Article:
“But not you…”

The only way not to be small is to focus on your God given gifts and refuse to settle for being less than the person that God designed you to be.  If you haven’t figured that out yet, that is OKAY!  We are all learning and growing.  The key is is to understand that this isn’t supposed to be easy.  You can’t grow without going through the crucible and learning from the challenges.  

How do you choose to live a life that exemplifies these words?

“But not you…”  

 

Do you own, or do you rent?

“Responsibility equals accountability equals ownership. And a sense of ownership is the most powerful weapon a team or organization can have.”

Pat Summitt

Ownership.  What does it mean? Think of the difference between renting a home and owning a home.  When you rent, you treat the home differently.  You don’t worry about the little things, you don’t put the extra effort in to care for or protect the property.  For example, you might ignore the roof that only leaks when it really storms, or the sink that leaks on occasion.  Maybe instead of ignoring the problem, you just call someone else, the owner, because it isn’t your problem.  You don’t have to fix it.  But if you own the home you pay attention to these problems.  You know that if you don’t address them quickly it is likely to become far worse, and much more expensive to repair.  

If you are the owner, you write the checks.  And by checks I don’t just mean in terms of money.  You have to fix the problem.  You are accountable for how you, the asset, the team, the organization performs.  It starts, and stops, with you.  You must look to yourself first before you look to others, regardless of fault because you are responsible and accountable for fixing the problem, whatever that problem might be.  

Have you ever heard the saying “drive it like a rental?”  What exactly does this mean?  It means when you rent a car you don’t treat it the same way you would if you owned it.  You don’t have to care about the maintenance, what it is going to drive like next week, next month, next year.  You don’t have to care because you aren’t accountable for your decisions, or in some cases the lack of a decision.  The rental car won’t be your problem in the future. For renters it is someone else’s problem.  Even if you caused it…

We all have an active decision make, do we own or do we rent?  This project, this initiative, this team, this relationship.  Yes, sometimes ownership sucks.  It isn’t fun to have to fix problems, especially if you caused them, whether intentionally or not.  But it has to be done, because if you don’t, who will? If you don’t look inwards first with self-awareness and reflection and have the accountability to own it, you are just renting your space as a human and a leader.  Don’t be a renter…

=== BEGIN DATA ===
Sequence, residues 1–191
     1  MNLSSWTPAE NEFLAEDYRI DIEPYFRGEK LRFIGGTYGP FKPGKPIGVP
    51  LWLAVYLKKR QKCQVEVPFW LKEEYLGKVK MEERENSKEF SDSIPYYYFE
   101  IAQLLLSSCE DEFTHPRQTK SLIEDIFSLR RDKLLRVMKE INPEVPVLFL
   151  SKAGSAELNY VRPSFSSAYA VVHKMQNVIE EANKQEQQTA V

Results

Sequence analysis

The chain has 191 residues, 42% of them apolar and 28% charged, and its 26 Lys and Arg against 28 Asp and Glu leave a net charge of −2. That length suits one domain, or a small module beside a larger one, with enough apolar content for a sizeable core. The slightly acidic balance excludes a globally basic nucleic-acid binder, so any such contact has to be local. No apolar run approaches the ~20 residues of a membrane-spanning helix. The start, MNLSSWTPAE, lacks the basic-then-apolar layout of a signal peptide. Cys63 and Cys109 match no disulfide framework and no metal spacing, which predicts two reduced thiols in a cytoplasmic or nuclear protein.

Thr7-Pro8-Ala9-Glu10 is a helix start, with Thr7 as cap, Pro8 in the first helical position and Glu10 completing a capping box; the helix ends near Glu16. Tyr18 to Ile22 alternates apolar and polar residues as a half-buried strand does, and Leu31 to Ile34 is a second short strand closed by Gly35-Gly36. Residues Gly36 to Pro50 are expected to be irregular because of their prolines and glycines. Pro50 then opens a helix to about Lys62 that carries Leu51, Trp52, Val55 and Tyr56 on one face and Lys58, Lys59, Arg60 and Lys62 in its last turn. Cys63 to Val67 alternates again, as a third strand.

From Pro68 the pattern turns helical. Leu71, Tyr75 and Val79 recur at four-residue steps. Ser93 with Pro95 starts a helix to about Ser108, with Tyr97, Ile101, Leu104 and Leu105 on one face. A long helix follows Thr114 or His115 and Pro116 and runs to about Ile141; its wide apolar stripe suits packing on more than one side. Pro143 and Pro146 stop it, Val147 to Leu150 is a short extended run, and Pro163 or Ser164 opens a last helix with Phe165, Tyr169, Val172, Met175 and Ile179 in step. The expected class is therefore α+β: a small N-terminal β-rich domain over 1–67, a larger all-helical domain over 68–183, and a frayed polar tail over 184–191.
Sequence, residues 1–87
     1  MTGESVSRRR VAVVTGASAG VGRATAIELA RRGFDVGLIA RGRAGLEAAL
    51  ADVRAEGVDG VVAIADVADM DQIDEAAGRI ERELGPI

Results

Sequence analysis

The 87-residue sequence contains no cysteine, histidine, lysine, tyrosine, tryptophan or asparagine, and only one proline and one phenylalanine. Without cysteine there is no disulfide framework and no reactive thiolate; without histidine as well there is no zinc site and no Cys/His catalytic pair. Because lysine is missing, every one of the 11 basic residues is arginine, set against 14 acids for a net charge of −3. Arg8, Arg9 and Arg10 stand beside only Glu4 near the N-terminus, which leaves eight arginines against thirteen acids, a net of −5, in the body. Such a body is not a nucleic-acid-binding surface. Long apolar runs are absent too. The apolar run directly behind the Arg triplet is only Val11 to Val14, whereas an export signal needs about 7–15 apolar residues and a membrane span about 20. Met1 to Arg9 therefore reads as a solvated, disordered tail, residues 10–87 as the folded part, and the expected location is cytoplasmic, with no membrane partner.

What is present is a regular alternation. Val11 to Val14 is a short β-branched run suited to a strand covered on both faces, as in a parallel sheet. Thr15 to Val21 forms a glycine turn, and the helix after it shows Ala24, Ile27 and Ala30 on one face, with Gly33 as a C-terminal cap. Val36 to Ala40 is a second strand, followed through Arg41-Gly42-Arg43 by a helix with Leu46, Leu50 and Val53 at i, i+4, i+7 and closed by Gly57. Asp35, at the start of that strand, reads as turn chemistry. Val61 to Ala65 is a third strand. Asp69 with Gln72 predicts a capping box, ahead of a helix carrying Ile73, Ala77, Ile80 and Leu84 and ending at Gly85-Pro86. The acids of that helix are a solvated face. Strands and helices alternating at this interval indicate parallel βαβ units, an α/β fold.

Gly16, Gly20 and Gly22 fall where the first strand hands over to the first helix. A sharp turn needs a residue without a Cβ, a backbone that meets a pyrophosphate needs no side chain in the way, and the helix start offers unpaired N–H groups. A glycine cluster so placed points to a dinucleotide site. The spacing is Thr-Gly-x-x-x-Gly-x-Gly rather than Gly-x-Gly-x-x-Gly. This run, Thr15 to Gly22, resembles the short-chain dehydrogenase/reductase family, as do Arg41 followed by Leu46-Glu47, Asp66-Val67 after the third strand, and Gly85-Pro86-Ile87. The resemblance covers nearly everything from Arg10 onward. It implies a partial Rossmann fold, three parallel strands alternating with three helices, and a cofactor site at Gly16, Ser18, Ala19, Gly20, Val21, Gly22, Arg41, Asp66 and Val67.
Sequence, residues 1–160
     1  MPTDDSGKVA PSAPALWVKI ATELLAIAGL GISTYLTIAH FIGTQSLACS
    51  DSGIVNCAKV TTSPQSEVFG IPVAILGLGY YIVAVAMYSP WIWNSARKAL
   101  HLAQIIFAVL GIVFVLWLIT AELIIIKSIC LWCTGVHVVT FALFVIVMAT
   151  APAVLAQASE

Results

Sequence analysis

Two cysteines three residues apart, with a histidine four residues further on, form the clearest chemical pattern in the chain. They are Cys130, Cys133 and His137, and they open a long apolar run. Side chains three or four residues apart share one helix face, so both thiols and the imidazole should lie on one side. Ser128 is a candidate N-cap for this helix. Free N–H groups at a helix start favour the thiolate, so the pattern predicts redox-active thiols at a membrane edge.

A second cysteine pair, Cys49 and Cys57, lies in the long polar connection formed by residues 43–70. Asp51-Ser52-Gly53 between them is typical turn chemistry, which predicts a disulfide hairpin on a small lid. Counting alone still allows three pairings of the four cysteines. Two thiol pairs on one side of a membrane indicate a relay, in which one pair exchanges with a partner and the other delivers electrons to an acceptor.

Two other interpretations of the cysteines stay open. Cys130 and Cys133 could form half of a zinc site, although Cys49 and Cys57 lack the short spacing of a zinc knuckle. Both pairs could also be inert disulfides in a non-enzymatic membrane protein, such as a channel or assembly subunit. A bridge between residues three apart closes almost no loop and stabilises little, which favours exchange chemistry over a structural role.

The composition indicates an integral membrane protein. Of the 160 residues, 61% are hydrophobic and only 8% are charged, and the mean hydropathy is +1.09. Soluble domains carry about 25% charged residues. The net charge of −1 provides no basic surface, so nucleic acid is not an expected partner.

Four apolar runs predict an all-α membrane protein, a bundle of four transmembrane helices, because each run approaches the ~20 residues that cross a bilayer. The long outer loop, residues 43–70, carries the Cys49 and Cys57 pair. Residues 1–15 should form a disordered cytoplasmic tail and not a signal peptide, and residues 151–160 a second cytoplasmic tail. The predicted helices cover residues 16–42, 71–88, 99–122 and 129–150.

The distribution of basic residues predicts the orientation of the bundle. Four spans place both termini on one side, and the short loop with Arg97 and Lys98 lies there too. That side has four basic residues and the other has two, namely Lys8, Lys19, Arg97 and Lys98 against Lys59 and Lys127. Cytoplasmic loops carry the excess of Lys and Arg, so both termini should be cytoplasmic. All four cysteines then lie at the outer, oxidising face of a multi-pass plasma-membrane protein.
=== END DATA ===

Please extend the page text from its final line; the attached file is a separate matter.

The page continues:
FREEDOM!!

“Being proactive is more than taking initiative. It is recognizing that we are responsible for our own choices and have the freedom to choose based on principles and values rather than on moods or condition. Proactive people are agents of change and choose not to be victims, to be reactive, or to blame others.”

Stephen Covey

Today in the United States we are celebrating our Independence Day.  The day where our Founding Fathers made a conscious choice to be responsible for the course of our independent nation. They chose the direction and were responsible for the creation of the principles and values that would set our path as a republic for centuries to come.

The freedom to choose is one of our greatest gifts in life. I love this particular quote because it sums up so neatly the importance of living a life of active choices.  Once you have clearly identified your values and principles one can live a life of freedom.  It isn’t always easy to make the choices that align to your values.  In fact, sometime they are the hardest ones to make.  However, when we have a framework we aren’t relegated to being the product of other’s choices, we are freely choosing our path in life.  

As we celebrate freedom today take a moment to reflect on what freedom to choose means in your life.  

%d bloggers like this: